After being beaten, strangled, and raped as a sophomore, Columbia College junior Emma Sulkowicz reported her rapist to the school, which eventually found him "not responsible." The allegations of two other women against the same rapist were adjudicated similarly. Just after finishing her junior year last week, Sulkowicz reported the incident to the NYPD, and says she was treated with skepticism and disdain.

“It makes perfect sense why a survivor wouldn’t go to police the moment after she’s been physically violated,” Sulkowicz told The Columbia Spectator. “If all the police are doing is stressing she’s going to suffer more, it’s unimaginable.”

It's worth quoting Sulkowicz's account at length. In addition to misspelling her name on her official report,

Sulkowicz said she felt badly mistreated by the officers who came to her residence to take her statement. Because she and [the alleged rapist] had had consensual sex twice before he allegedly assaulted her, Sulkowicz said the police were dismissive of what she had to say.

“He emphasized certain things, like the fact that I had consented earlier on in the night,” Sulkowicz said of the officer to whom she told her story.

“And I said, ‘Yeah, but then he started strangling me and I definitely didn’t consent to that.’”

Sulkowicz said the officer asked repeatedly about what clothes [Sulkowicz's alleged rapist] was wearing at the time and was surprised when Sulkowicz couldn’t remember specific details from the incident, which occurred more than a year and a half ago.

“He [the officer] was like, ‘So you don’t remember what shoes he was wearing? Oh. Most women do,’” Sulkowicz said.

From her residence hall, Sulkowicz was driven to the local precinct offices, where she was asked to fill out forms describing her assault as domestic violence—despite the fact that she and [her alleged rapist] were never in a relationship—and questioned by a detective from the Special Victims Unit.

During that time, she said, the policeman to whom she originally gave her statement was standing outside the room, actively dismissing her story to the friends she had brought to the precinct office with her for support.

“They told me he said stuff like, ‘Of all of these cases, 90 percent are bullshit, so I don’t believe your friend for a second,’” Sulkowicz said.

Sulkowicz said that the officer also repeatedly emphasized to her how “painful” the process of investigating her alleged assault would be and how much it would “hurt” her.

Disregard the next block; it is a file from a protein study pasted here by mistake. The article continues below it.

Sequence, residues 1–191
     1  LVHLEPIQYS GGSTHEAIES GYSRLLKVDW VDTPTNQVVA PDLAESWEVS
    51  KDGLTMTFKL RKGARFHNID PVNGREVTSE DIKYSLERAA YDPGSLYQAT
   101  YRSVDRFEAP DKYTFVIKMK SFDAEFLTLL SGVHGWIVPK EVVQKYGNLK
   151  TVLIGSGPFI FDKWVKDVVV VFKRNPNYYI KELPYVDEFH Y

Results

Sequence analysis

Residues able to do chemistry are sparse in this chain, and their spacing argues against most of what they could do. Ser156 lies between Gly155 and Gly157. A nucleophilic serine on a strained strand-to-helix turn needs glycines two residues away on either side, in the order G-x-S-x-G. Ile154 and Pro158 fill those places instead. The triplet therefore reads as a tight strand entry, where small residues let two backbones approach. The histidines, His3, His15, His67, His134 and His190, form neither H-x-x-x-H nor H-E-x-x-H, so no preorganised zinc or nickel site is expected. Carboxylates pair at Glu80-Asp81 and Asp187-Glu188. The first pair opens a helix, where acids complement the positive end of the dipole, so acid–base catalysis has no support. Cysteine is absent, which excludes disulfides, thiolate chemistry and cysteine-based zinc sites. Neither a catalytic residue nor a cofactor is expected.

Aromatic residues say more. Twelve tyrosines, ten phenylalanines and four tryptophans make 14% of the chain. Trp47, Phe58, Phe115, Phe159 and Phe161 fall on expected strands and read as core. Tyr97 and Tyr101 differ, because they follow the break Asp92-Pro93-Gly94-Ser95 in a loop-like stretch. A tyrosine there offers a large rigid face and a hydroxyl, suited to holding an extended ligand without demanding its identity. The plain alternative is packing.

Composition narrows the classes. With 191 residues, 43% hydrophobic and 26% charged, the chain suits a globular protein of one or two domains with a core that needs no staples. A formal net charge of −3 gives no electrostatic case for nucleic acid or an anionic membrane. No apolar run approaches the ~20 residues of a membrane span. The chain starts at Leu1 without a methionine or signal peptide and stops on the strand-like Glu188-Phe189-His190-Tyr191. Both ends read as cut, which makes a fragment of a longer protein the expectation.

According to a study cited by the National Organization for Women, less than 5% of college women who are raped report the rape to the police.

A report commissioned by the U.S. Department of Justice in 2010 [PDF] included interviews with dozens of detectives whose job it is to investigate rapes; the results regarding the officers' beliefs with regard to rape myths were "powerful and disappointing."

We learned earlier that police were quick to say all of the right things, including and especially the fact that all cases were investigated dispassionately by the detectives, written up objectively, and passed on without prejudice.

Yet, when the microphone was off again and again (or even while the microphone was on) these detectives admitted that there were a large number of cases where they “unfounded” the case rather than continue with it. Evidently if they just plain didn’t believe the victim, then this did not count as a case of “real rape” that would be turned over to the prosecutors. If the victim was treated poorly, and she chose not to continue with her complaint, this was another sign that the case could be ignored. Perhaps the only sign that things were changing was that many officers were willing to admit that there could be, or even had been, cases of prostitutes, promiscuous women, etc. who were telling the truth. Whether this made a difference in their actions was impossible to tell.

In response to lists of alleged rapists being posted in public spaces on campus (the list purportedly includes Sulkowicz's assailant, and a former Bwog employee has also been named as a perpetrator) and the outrage over how Columbia handles sexual assault, Columbia's President announced that the school's office that receives complaints of sexual assault will be subject to greater scrutiny and accountability.

“I understand if it’s too late, but I really hope he does [get charged],” Sulkowicz told the Spectator. Nationally, only 3% of rapists serve any jail time.

We've asked the NYPD if the department is looking into Sulkowicz's allegations of police mistreatment and will update if we receive a response.